Review: The Mummy Shows Just How Hard Tom Cruise Works for Audiences

Tom Cruise as Nick Morton in The Mummy

Tom Cruise as Nick Morton in The Mummy

Every time Tom Cruise releases his latest action movie, it is a remarkable event no matter its quality. Cruise has maintained his status as Hollywood’s hardest-working action star for a remarkable 31 years, with no end in sight.

Three decades after Harrison Ford became an action star, he was playing grizzled veterans who pair up with younger, cocky young men. Cruise, even 31 years after Top Gun (released before Zac Efron and Liam Hemsworth were born, to put it in perspective), can still play the cocky hero who credibly runs, jumps and fights like he always did. At nearly age 55, Cruise might be slightly more weathered than when he did the first Mission: Impossible, but the vigor he projects would astound at any age.

Cruise’s latest film, The Mummy, is not quite the straight action movie in which he normally stars, but nor is it the straight horror film that the original Boris Karloff film of the 1930s was. This version, directed by Alex Kurtzman (best known as a television writer and producer) probably relies more on the standard set by the Brendan Fraser-Rachel Weisz series that began in the late ‘90s, which approached the story as an Indiana Jones-style action adventure.

This being a different era of films, Cruise’s version of The Mummy does differ in two distinct ways. The movie is a bit darker than the Fraser films, both figuratively and literally, and because no tentpole movie can ever exist as distinct narrative, it appears to be a setup not just for a sequel, but for an entire franchise that includes not just the Mummy, but the entire cast of classic Universal horror stars. The Invisible Man is in pre-production starring Johnny Depp, the last person who needs to join another franchise, and The Mummy includes a small part for Russell Crowe as Dr. Jekyll, which suggests a plan to have him get his standalone film.

The Mummy has the same rough plot that one would expect: Western explorers find an Egyptian tomb, open it, and the Mummy is released. The variations here are few, and some have been seen before. The Mummy is female (Sofia Boutella) just like in The Mummy Returns, and she is found in modern-day Iraq instead of Egypt, thus adding to the danger of finding the tomb. The one major change to the series is that it brings the Mummy to England instead of having the characters skulk around the pyramids. Although, the characters nonetheless find themselves in catacombs underneath London, which makes it mostly a lateral move.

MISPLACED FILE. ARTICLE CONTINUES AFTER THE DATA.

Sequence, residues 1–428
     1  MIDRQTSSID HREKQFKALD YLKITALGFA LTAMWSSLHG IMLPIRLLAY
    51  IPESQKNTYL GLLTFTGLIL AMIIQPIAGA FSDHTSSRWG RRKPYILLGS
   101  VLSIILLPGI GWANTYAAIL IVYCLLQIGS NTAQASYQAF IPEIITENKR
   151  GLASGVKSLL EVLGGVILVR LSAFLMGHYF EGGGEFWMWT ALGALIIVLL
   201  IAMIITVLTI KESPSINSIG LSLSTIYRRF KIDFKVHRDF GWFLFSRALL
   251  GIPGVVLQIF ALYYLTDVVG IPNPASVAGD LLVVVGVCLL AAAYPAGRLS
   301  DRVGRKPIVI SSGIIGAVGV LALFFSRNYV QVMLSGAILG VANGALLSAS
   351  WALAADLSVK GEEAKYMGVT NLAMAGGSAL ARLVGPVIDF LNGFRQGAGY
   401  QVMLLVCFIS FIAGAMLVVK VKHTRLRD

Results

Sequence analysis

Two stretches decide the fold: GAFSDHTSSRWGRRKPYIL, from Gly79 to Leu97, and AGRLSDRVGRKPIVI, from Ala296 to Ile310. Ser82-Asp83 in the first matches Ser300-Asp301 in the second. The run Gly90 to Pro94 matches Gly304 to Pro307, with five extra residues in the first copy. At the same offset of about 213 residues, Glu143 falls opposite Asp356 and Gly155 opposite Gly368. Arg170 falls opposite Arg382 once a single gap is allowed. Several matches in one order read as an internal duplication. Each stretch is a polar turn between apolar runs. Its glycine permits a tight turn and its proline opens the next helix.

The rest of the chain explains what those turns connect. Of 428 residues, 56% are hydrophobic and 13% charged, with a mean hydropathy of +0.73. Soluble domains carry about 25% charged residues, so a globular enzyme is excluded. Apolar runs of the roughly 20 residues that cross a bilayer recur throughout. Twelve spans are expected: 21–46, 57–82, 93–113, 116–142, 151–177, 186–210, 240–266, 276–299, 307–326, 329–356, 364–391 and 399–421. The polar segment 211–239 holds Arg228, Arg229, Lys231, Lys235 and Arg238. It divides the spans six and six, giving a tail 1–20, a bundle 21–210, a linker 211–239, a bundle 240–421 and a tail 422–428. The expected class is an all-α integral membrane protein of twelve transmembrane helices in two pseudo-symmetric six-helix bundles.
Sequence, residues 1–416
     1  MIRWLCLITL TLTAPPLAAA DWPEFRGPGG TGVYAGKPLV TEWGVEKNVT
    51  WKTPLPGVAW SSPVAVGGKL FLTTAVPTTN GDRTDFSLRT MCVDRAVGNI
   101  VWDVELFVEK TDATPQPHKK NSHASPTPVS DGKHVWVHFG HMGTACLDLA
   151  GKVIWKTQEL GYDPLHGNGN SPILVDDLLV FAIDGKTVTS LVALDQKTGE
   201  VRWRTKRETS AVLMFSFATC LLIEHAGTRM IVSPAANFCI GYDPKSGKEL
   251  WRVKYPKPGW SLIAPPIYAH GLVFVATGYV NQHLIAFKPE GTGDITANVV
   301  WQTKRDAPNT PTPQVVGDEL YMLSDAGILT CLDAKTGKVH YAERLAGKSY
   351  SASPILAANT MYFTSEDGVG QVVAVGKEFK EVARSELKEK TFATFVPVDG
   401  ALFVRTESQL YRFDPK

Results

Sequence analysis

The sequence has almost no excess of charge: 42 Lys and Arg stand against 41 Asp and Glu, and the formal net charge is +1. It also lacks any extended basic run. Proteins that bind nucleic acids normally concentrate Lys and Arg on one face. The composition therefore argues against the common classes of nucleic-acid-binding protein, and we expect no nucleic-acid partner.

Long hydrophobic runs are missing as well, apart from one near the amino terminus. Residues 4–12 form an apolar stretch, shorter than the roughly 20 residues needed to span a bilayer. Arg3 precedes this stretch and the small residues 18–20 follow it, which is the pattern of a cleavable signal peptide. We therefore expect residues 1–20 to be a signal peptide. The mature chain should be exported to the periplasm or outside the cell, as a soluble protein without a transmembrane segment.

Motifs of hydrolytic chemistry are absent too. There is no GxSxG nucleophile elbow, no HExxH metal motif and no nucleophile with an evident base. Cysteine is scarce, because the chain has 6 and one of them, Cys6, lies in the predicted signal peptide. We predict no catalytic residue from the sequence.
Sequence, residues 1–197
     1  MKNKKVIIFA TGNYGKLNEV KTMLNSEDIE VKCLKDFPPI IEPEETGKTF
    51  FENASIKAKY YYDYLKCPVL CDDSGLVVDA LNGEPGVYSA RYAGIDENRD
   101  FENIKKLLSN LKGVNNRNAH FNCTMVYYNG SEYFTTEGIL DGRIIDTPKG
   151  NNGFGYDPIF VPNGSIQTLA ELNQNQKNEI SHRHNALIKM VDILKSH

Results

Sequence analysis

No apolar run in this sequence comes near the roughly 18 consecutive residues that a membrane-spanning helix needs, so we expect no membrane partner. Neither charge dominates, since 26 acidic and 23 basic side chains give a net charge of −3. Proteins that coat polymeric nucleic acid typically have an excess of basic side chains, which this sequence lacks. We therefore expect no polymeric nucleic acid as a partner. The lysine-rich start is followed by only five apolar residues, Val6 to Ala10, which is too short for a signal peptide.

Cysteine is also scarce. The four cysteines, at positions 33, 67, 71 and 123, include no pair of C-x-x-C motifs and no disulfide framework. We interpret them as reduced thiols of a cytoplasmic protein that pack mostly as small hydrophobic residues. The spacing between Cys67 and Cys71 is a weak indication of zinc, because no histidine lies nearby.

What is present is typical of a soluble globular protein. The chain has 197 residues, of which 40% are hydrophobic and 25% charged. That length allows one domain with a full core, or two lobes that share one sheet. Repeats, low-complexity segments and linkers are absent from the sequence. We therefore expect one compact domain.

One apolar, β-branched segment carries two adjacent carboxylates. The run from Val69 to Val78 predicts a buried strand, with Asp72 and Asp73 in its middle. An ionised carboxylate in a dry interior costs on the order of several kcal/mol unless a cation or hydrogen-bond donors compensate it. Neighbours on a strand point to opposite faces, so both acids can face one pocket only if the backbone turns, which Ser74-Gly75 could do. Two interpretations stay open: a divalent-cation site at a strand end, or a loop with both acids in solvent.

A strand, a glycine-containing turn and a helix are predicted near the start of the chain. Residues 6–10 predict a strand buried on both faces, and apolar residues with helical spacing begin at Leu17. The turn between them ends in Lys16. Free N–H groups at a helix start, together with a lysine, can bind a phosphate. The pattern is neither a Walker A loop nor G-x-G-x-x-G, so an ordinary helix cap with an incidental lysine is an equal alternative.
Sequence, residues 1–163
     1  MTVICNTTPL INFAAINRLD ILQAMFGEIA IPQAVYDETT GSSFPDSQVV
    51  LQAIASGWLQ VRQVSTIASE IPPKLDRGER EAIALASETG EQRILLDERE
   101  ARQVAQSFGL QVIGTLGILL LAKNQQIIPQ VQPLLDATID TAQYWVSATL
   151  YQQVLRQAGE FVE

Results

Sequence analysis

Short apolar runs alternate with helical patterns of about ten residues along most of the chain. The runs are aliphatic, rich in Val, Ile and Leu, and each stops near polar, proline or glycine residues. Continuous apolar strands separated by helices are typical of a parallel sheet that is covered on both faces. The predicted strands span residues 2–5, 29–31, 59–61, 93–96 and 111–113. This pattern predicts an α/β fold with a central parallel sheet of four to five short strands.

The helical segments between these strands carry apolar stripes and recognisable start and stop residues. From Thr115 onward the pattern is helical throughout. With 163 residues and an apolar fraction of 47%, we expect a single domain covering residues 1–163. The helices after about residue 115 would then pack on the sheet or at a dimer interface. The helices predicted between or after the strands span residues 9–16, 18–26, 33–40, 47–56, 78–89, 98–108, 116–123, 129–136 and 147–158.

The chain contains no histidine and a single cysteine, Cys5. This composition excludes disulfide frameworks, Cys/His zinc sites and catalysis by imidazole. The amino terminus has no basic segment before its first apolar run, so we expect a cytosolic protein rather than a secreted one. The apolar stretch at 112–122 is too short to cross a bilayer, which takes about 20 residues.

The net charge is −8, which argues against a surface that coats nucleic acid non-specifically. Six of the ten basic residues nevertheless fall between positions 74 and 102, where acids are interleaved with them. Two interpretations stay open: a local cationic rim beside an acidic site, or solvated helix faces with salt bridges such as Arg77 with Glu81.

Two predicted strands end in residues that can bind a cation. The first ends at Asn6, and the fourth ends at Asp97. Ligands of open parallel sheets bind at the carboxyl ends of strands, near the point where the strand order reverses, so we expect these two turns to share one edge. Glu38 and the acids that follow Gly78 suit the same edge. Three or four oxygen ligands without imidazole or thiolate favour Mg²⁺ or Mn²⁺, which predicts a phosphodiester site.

As always with a Tom Cruise film, the action sequences are often first-rate and require the star to expend as much energy as an athlete half Cruise’s age. Whatever the merits of a Cruise action movie, they always show him putting a monumental effort on the screen, as if to say, “This is what I have to do to earn $20 million per picture.” And while the story descends into half-baked interpretations of Egyptian mythology, as every Mummy picture does, it does have small pleasures, like Jake Johnson deflating the seriousness as Cruise’s cursed sidekick. One of the major problems of the film, aside from one of Cruise’s most generic love interests, is that it relies too heavily on its heroes fighting hordes of the undead. There are only so many anonymous reanimated corpses that Cruise can fight before it gets monotonous.

The Mummy may not offer many surprises nor does it solve some of the inherent problems in any Mummy picture, but more than that it is a Tom Cruise movie, and his persona inevitably dominates any film in which he stars. This is not a great Cruise movie, but it’s a great display of just how hard Cruise works for his audience.

The Mummy
Universal Pictures
In theaters June 9

3 Stars

Films are rated on a scale of 5 stars (must-see), 4 stars (exceptional), 3 stars (solid), 2 stars (average) and 1 star (unworthy).

Jeremy Ross is a Staff Reporter for Living Out Loud - LA, covering entertainment.

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